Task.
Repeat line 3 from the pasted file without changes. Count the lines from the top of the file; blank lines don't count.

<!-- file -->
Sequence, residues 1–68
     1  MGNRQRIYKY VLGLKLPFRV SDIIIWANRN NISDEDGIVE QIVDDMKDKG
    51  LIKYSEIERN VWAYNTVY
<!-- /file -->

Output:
    51  LIKYSEIERN VWAYNTVY